This Diwali, the Yogi Adityanath government in Uttar Pradesh spent more than Rs 1.33 crore to light more than 5.5 lakh earthen lamps at Ayodhya. The aim was to demonstrate to the world that the Hindus revere the god Rama.
Twenty six years ago, on the evening of December 6, 1992, Hindu families living in Ayodhya had chosen to celebrate a “second” Diwali by lighting lamps and candles outside their homes. They were celebrating the bringing down of the Babri masjid.
To those who observed the events at Ayodhya unfold, it was obvious that this celebration was orchestrated, for many villagers who lived around the Babri masjid at the time, when asked subsequently, said they had been told to do so by Vishwa Hindu Parishad activists.
The extent of orchestration that took place around every major event prior to this denouement has been extensively documented. Then Prime Minister Rajiv Gandhi’s ham-handed efforts to win over the Hindu vote by allowing kar sewa in 1988, the starting of his electoral campaign from Faizabad (now renamed), the district headquarters of Ayodhya, as well as his overturning of the Supreme Court order in the Shah Bano case unleashed the rise of the militant right wing Hindutva brigade.
Several kar sewaks have gleefully admitted, many years later, of course, how the destruction of the Babri masjid was a meticulously planned operation and also, how they had had no hesitation in bringing it down. This was not the case on December 6, 1992, when a large contingent of media had collected at Ayodhya to watch what we were told was going to be another kar sewa outside the disputed area.
There was a sense of foreboding in our minds because of the several lakh kar sewaks who had gathered there. Some photographers who had holed up in nearby dharmashalas warned that some kar sewaks had told them in confidence about having received training in the use of arms and also on how to bring down the masjid.
The writer was part of the large media contingent which arrived on December 5 in Ayodhya, which in those days remained a largely sleepy and quiet town, whose residents admitted to being disturbed by all these political goings on. We arrived at the Babri masjid early on the morning of December 6. Our focus then was to try and locate the place of, we presumed, the next kar sewa, where the earlier shilanyas (laying of foundation) had taken place. Many, including myself, clambered up the steps of the “Sita ki rasoi” building to find a vantage spot on its rooftop from where we could get a view of the kar sewa, which was expected to start at 10 AM.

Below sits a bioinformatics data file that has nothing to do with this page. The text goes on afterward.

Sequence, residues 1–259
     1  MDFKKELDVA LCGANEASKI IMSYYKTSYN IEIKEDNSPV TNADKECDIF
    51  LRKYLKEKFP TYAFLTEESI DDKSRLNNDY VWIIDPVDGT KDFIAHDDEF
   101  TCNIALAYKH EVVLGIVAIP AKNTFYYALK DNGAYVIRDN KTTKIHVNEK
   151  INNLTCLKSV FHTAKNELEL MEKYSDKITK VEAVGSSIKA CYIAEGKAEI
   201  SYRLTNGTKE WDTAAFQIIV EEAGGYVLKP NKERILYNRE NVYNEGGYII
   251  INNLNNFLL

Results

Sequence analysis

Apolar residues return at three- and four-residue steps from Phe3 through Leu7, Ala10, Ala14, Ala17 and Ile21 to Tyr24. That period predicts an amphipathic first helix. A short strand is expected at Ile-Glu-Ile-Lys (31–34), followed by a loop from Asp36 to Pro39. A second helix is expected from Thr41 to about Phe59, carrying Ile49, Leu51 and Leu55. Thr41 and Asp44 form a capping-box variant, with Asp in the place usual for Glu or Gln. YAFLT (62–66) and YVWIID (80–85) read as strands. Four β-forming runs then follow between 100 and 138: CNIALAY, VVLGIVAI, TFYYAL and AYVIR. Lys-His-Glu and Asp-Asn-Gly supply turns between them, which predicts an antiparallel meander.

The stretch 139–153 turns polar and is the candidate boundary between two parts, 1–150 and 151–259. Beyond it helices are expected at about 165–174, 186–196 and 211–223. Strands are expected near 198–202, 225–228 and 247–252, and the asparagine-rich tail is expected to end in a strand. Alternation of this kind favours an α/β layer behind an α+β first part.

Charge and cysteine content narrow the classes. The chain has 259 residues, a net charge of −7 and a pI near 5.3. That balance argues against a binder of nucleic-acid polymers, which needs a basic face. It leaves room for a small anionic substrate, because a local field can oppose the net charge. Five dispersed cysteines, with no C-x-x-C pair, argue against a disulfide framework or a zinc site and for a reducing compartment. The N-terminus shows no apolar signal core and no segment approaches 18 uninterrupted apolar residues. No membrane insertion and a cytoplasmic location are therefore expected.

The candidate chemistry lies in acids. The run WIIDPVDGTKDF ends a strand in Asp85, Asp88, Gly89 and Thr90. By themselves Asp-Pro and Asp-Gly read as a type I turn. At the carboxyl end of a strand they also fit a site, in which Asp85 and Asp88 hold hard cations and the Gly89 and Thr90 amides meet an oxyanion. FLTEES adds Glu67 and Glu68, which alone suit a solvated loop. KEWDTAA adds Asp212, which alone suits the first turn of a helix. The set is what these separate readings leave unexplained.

Suddenly, a group of kar sewaks arrived on the roof top and began indiscriminately beating up journalists with video cameras. The beatings were so severe that one photographer suffered a broken jaw while another had a shoulder dislocated. There were teeth smashed, jaws broken, faces bruised and bleeding. Their cameras had been smashed to smithereens. It happened like a commando operation, well planned, swift and deadly. Plainclothes cops watched this dastardly act. No one interfered or offered assistance.
The VHP goons disappeared as swiftly as they had arrived, melting into the growing crowds gathering around the barricaded Babri masjid. A large police contingent had gathered to control the surging crowd and just next to the masjid, to the right, senior police officials had set up a makeshift control room. But they remained mute witnesses to the “unexpected” turn of events, as did all of us.
A makeshift platform had been created to the left of the Babri masjid. Senior leaders of the Bharatiya Janata Party (BJP) including future deputy prime minister LK Advani, Murli Manohar Joshi, then president of the party, and Uma Bharti, then a first-time Member of Parliament in the Lok Sabha, were stationed in this building. I heard Bharti exhort the kar sewaks to bring down the mosque. “Ek dhakka aur do, Babri masjid tod do (Give it another shove, break the Babri mosque),” she shouted into a loud speaker. Other BJP leaders were also present and spoke the same militant language, though they subsequently denied having done so.
The problem in essence was that the BJP, the Rashtriya Swayamsevak Sangh’s militant outfit the Vishwa Hindu Parishad or VHP, and the hawkish student outfit Bajrang Dal had succeeded in convincing these young men that Babri masjid was built on the site where Rama was born, without being able to provide a shred of evidence to back their claim.
By 11 AM, several kar sewaks had breached the barricade and by 4:59 PM, the third and largest dome of the masjid had been reduced to rubble. As the first dome started to be broken, we saw plumes of smoke rising from beyond the platform, atop which the BJP leaders were watching with a sense of exultation. From their vantage point, the leaders could see the kar sewaks using pickaxes, iron rods and shovels to bring down the domes.